sonnet number 18, written by William Shakespeare.

“Turn back the heart you've turned away
Give back your kissing breath
Leave not my love as you have left
The broken hearts of yesterday
But wait, be still, don't lose this way
Affection now, for what you guess
May be something more, could be less
Accept my love, live for today.”
#19  “Shall I compare thee to a summer's day?
Thou art more lovely and more temperate:
Rough winds do shake the darling buds of May,
And summer's lease hath all too short a date:
Sometime too hot the eye of heaven shines,
And often is his gold complexion dimmed,
And every fair from fair sometime declines,
By chance, or nature's changing course untrimmed.”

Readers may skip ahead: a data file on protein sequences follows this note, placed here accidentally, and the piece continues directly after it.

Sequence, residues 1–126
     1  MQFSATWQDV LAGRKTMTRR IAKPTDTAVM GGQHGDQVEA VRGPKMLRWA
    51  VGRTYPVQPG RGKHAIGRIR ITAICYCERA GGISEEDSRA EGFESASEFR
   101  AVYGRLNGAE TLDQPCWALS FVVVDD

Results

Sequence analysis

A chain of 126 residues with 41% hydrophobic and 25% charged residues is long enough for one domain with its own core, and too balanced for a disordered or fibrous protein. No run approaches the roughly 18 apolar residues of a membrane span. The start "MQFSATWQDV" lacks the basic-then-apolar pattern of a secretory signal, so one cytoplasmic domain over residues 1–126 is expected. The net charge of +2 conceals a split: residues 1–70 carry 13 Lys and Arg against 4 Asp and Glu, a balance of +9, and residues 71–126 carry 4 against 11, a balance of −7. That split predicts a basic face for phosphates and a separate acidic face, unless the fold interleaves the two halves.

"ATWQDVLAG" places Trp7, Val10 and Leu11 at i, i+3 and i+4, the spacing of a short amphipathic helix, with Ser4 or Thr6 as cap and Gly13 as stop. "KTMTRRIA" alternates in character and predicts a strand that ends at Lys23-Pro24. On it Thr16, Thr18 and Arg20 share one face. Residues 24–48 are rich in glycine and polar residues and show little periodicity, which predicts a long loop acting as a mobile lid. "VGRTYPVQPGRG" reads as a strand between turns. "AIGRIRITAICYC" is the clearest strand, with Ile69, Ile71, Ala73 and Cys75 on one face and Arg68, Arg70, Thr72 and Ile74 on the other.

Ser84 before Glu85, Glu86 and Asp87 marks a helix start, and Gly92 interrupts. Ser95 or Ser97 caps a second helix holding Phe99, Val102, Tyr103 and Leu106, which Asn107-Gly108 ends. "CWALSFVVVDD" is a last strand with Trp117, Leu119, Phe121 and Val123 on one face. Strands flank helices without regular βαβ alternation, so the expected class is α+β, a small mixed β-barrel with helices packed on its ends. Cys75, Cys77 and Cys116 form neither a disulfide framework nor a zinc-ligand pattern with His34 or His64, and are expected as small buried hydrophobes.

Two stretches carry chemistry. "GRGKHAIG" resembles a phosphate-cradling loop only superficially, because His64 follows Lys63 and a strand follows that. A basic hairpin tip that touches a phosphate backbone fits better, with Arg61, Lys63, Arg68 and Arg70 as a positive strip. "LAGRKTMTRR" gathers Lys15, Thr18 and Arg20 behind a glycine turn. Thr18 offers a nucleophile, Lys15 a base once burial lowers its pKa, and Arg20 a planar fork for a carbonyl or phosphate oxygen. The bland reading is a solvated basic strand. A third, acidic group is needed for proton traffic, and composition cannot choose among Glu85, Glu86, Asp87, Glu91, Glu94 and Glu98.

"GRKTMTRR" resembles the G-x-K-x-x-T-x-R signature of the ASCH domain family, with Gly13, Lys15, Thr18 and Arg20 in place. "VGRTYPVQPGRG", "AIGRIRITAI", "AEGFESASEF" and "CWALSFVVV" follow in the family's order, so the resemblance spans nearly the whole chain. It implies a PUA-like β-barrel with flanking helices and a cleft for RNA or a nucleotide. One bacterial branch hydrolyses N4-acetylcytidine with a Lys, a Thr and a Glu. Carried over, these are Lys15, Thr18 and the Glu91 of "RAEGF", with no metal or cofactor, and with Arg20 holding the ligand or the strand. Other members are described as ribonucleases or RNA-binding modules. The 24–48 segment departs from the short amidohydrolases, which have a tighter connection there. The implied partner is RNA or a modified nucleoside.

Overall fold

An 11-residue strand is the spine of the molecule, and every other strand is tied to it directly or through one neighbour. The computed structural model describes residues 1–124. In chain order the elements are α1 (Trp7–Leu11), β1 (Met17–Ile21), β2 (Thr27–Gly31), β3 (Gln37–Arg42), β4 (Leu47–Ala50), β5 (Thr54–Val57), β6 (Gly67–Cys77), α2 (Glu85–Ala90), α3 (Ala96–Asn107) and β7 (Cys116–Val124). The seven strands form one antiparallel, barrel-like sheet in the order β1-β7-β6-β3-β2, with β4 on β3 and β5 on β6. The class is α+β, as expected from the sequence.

Many lyric poems are about love, but they can be about anything which stirs the emotions.  The last of the examples of lyric poetry is a poem by Emily Dickinson named “I Felt a Funeral in my Brain”. It describes a person who is going insane, or thinks they are.

“I felt a Funeral, in my Brain,
And Mourners to and fro
Kept treading - treading - till it seemed
That Sense was breaking through - 
And when they all were seated,
A Service, like a Drum -
Kept beating - beating - till I thought
My Mind was going numb -  And then I heard them lift a Box
And creak across my Soul
With those same Boots of Lead, again,
Then Space - began to toll,
As all the Heavens were a Bell,
And Being, but an Ear,
And I, and Silence, some strange Race
Wrecked, solitary, here -
And then a Plank in Reason, broke,
And I dropped down, and down -
And hit a World, at every plunge,
And Finished knowing - then - ”

 

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